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The purpose of the funds remains to provide support to severely disabled people, of working age, to enable them to live independently. I have not accepted those recommendations that significantly extend the funds.
The reviewers recommend in the long-term that that there should be a smooth transition towards full integration within a system of personalised budgets. These recommendations will be taken forward as part of the Governments overall programme to support independent living for disabled people. In the meantime the funds will continue in their present form.
The Parliamentary Under-Secretary of State for Work and Pensions (Mr. James Plaskitt): People claiming incapacity benefit are entitled to receive national insurance credits for periods when they are unable to work. Such credits count towards accrued entitlement to state pension, incapacity benefit and other contributory benefits.
Details of such credits are held on HMRCs National Insurance Recording System (NIRS2) and this Departments Pension Strategy Computer System (PSCS) which records details of periods of incapacity for people claiming incapacity benefit.
It has become clear that discrepancies exist between the data held on these two systemsas was noted in the National Audit Offices report on the National Insurance Fund in February 2006. These discrepancies have their origin in the introduction of NIRS2 in 1998 and the subsequent transfer of data from PSCS to NIRS2 on periods of incapacity. These discrepancies mean that some people may be receiving the wrong amount of contributory benefit. The main benefits affected are state pension and incapacity benefit. The cases most likely to be affected are those where an individual made a claim for incapacity benefit between 1998 and 2006.
Action has been taken to ensure that these credits are now being correctly recorded and, accordingly, I am now in a position to announce how this Department intends to handle those past cases where errors have occurred.
We estimate that up to 30,000 people may have had underpayments of benefit and about 90,000 have had overpayments. In cases of underpayment, the error does not necessarily mean that individuals have been receiving less money through benefits. For example, in the majority of the cases involving state pension, the underpayments will have been made up by additional pension credit payments. In the case of incapacity benefit underpayments some individuals will have received income support which will have reduced or extinguished any potential loss.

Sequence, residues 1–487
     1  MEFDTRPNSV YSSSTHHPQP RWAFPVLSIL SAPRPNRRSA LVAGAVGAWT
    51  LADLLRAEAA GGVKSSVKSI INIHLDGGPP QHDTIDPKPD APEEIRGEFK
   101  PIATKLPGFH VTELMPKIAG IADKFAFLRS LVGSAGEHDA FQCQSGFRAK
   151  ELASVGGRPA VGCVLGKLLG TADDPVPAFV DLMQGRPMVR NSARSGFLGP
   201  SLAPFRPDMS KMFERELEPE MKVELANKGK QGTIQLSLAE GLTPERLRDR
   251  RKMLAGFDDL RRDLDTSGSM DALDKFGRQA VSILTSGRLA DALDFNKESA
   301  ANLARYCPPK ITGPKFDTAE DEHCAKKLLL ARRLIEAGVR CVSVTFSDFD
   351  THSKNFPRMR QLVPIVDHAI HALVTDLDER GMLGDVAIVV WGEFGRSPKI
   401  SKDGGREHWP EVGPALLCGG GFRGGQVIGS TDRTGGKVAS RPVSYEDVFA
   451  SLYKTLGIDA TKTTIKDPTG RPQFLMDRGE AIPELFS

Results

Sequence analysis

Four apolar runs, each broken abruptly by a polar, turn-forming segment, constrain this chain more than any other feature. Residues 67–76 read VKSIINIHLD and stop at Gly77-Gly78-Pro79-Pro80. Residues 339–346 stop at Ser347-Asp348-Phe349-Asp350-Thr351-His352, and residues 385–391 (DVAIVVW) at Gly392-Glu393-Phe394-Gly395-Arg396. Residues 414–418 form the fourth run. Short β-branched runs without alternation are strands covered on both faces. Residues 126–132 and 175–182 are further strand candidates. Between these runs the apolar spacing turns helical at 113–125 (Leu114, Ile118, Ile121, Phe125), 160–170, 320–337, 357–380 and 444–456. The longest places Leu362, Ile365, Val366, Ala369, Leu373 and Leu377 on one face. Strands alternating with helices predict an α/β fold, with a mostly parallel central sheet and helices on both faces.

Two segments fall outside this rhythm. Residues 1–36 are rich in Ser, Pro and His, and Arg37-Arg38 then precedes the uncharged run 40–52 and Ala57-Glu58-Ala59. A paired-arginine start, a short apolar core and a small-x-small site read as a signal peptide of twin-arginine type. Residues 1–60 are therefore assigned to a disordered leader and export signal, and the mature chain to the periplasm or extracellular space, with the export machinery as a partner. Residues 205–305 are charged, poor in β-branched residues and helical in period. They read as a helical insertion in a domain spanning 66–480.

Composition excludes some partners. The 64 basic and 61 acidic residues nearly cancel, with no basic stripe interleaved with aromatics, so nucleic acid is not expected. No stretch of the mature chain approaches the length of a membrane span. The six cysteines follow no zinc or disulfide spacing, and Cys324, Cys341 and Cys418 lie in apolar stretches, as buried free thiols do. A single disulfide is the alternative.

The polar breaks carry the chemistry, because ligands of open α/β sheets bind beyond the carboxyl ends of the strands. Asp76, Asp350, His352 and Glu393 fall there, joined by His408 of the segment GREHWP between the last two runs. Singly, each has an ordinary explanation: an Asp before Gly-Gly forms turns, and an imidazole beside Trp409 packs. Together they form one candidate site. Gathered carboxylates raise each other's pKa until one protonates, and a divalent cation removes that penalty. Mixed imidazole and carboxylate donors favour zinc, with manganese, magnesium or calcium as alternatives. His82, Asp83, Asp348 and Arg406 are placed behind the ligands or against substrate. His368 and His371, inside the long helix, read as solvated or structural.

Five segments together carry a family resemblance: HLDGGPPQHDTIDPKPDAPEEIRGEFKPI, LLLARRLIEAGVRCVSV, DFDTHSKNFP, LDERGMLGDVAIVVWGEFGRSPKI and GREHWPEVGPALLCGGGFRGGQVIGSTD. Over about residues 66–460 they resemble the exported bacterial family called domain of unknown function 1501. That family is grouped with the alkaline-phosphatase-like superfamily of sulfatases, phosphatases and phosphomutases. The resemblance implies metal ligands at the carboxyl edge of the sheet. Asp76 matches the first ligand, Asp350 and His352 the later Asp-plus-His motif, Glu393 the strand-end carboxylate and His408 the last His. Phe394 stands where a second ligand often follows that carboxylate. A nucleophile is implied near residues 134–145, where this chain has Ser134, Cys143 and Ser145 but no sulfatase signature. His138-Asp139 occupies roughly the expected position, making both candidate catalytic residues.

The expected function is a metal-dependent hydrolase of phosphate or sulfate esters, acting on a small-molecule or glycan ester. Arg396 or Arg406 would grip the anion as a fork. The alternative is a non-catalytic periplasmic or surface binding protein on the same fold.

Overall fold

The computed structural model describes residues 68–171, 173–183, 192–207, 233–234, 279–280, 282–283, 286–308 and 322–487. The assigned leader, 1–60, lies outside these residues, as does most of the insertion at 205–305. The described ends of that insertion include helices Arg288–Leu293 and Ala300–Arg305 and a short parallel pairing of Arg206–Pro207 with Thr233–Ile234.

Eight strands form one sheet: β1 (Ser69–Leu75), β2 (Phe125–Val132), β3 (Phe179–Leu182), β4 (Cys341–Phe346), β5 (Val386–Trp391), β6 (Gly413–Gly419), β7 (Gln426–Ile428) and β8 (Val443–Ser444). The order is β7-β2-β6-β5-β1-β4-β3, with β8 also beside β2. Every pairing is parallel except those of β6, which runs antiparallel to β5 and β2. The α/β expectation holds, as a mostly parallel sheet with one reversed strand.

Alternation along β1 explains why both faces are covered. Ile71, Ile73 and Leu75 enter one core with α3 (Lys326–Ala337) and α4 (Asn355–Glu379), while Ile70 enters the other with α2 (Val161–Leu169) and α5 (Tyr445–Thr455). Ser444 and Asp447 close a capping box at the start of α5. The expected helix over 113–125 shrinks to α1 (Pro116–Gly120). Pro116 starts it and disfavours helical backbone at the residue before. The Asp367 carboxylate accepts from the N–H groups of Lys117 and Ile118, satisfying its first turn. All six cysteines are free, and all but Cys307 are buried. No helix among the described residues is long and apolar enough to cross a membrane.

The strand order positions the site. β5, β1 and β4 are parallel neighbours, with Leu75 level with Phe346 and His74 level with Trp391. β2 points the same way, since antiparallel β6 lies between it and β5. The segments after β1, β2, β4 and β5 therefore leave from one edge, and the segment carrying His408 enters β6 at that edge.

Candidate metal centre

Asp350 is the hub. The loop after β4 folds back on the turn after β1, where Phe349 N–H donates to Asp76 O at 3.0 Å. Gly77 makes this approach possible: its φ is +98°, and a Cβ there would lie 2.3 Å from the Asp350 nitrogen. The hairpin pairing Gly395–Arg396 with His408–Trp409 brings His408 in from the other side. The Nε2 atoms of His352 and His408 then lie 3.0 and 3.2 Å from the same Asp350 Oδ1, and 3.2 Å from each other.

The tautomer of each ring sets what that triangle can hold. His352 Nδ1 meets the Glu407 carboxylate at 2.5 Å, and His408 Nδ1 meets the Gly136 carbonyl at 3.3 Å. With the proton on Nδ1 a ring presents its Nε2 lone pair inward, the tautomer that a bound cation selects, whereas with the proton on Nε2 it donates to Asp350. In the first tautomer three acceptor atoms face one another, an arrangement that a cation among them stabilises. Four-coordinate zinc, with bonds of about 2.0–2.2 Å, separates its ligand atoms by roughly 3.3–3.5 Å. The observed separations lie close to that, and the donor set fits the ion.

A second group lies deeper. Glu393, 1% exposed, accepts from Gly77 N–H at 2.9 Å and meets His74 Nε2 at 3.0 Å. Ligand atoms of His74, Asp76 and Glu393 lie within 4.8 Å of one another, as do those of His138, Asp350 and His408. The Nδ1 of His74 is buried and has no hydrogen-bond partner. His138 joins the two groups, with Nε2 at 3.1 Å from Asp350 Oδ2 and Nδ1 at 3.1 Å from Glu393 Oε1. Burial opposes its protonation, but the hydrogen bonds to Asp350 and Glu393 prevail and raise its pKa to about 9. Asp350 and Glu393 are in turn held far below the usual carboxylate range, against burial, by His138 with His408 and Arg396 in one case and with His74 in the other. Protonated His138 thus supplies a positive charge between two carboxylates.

It is, nevertheless, clearly right that all such underpayments should be identified and the correct amount of contributory benefit paid, and any associated income related benefit reviewed. This Department will begin this work in August and aims to have completed it by early 2008. In all cases this Department will individually contact those affected.
Similarly, in the case of overpayments, many of those overpaid state pension would have had a correspondingly lower payment of pension credit. In respect of incapacity benefit this would, in some cases, have led to a correspondingly lower payment, or no payment, of income support.
In respect of cases where an overpayment may have occurred, the payments will have been made and received in good faith and I do not believe it would be right to reduce them. I propose, therefore, to introduce regulations that will allow us to continue paying these benefits at their current level to the individuals concerned for the duration of their claim. The draft regulations will be referred to the Social Security Advisory Committee in the normal way before being made and laid before Parliament.
Where the individual is under pension age we will also correct the national insurance contribution records so that future claims will be correctly assessed. Where correcting the record creates any gaps in an individuals contribution record, HMRC will write to the individuals concerned advising them of their options, if they wish to pay any missing contributions.